The main story is lackluster not only because Pendergast is out of character, but because the plot relies on grisly details in parts to move it along. There's a lot of stereotyping so that most of the characters are also one-dimensional.
Renee Auberjonois does an excellent job of narration. Without him, I'd have downgraded my overall rating to just two stars.
I hope that Preston/Child aren't making the same mistake made by Cornwell in the Scarpetta series. Eviscerating a popular character that has sold millions of books carries the risk that loyal readers will use their dollars in search of more deserving works. I've stopped reading Cornwell; I hope that won't be the case with the Pendergast series.
Speaker, Coach, Author - in Reno, NV (A GREAT place!) I've been an avid Audible fan for several years. Listen on my iPhone many hours each week.
I am a HUGE fan of Preston & Child and their Pendergast series. I finished this one only because I am such a big fan and Rene Auberjonois is such a master narrator. I will certainly buy the next book in the series - but if it is as far off the mark as this one is, it will be my last. The reviews on this book, which I read the other day, long after I'd purchased mine since I had it on auto-purchase, were clearly wildly mixed. Some love it and others are feeling like I do - pretty disappointed. I won't go into all the craziness that was in this book, but suffice it to say that it didn't live up to everyone's expectations for what we want from our favorite FBI agent (and those who write about him).
I've listened to all of the Pendergast stories and Rene Auberjonois does a good job reading this one, but the writing of Pendergast stories is going downhill, IMO. Too full of of old cliches' (what is "living rock?")
I am not sure who may enjoy it more. It seemed very disconnected.
no, I just think I need to read the discription better for future purchases.
it was not the performance that was the issue.
Say something about yourself!
My first Preston/Child book hooked me hard. Together they were a machine cranking out thrillers that I thought I would never get enough of. Aloysius Pendergast immediately became a favorite when he was introduced--such a unique aristocratic hero--written so vividly that I would have recognized the albino-like polyglot if he happened to be gracefully walking down any street (or rather if he pulled up in one of his RR Silver Wraiths). So exotic and wonderful that I always wondered where the almost omnipotent agent could go from such a beginning. Who can possibly sustain such a level of mystery and magic when their super-human facade is chipped away a bit with each book? Those little glimpses into the enigmatic, but very human, Pendergast are what kept us coming back to see what new trick the Agent had up his impeccably tailored sleeve. I can't find fault with the writing style, still as smart as ever, but the fantabulous Pendergast seems to be a shadow of his former self. One or more of the 3 seems to be getting a little rusty or worn.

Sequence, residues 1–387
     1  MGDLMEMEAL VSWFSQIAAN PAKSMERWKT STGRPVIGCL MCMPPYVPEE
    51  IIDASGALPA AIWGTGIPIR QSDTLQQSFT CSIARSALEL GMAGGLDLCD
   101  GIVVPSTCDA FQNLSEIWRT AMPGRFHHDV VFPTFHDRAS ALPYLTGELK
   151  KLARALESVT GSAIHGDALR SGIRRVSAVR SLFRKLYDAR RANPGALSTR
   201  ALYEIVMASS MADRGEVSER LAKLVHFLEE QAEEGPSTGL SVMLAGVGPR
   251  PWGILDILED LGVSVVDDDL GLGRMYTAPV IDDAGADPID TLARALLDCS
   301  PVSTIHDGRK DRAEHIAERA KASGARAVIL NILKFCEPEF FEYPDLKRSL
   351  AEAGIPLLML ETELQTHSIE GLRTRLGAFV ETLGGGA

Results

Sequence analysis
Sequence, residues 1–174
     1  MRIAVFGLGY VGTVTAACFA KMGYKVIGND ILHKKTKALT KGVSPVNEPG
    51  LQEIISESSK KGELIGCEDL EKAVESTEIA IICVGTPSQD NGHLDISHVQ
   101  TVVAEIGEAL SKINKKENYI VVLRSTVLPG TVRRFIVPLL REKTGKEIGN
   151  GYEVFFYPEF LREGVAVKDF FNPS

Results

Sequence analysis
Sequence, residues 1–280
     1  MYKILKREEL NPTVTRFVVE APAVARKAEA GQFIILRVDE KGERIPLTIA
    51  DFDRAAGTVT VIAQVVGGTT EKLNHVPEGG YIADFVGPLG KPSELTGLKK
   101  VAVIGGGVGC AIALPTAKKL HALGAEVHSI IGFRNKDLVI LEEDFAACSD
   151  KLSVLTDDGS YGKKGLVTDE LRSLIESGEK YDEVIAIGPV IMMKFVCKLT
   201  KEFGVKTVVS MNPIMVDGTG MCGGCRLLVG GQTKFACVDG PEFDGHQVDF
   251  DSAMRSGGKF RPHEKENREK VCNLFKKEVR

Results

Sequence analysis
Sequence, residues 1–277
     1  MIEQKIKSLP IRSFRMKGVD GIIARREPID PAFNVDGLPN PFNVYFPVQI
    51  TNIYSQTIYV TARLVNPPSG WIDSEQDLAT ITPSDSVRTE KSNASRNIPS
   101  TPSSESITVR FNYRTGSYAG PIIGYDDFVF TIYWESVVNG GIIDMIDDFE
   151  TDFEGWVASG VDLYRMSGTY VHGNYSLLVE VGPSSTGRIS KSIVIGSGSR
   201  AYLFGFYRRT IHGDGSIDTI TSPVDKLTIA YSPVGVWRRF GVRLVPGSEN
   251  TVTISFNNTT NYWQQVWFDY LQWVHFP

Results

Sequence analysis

Like other reviewers, I miss Pendergast's strict adhereance to the old PC formula, and think his latest adventure took him out of focus and weakened the formula in which he shined. Two Graves seemed to waiver off course (with its multiple plots and chases) and stagger to an ending that didn't leave me very hungry for more. I prefer Pendergast cleverly and unconventionally solving a case instead of chasing down the villians. Maybe this is a case of: If pleasure remains, does it remain a pleasure? If you've followed the series you'll want the conclusion, but it wasn't a conclusion worthy of FBI Special Agent Aloysius Xingu Leng Pendergast - or Preston/Child. Unfortunately, it was only a mediocre conclusion that has become more of what I have been experiencing lately from the Preston/Child machine.
Books are windows into other worlds--and listening is my favorite way to get there!
If you have not read Fever Dream and Cold Vengeance yet--be warned-- there may be spoilers in this review. I don't think Two graves is a stand alone book, as there is a lot of back story in the first two books of this trilogy. You're lucky in a way, as you won't have to wait for each new book in this trilogy. You can go right to the next installment without so much as taking time to wave your fist in the air and say a few unpleasant words about the cliff hangers most of us have endured. So please- do yourself a favor and read those first.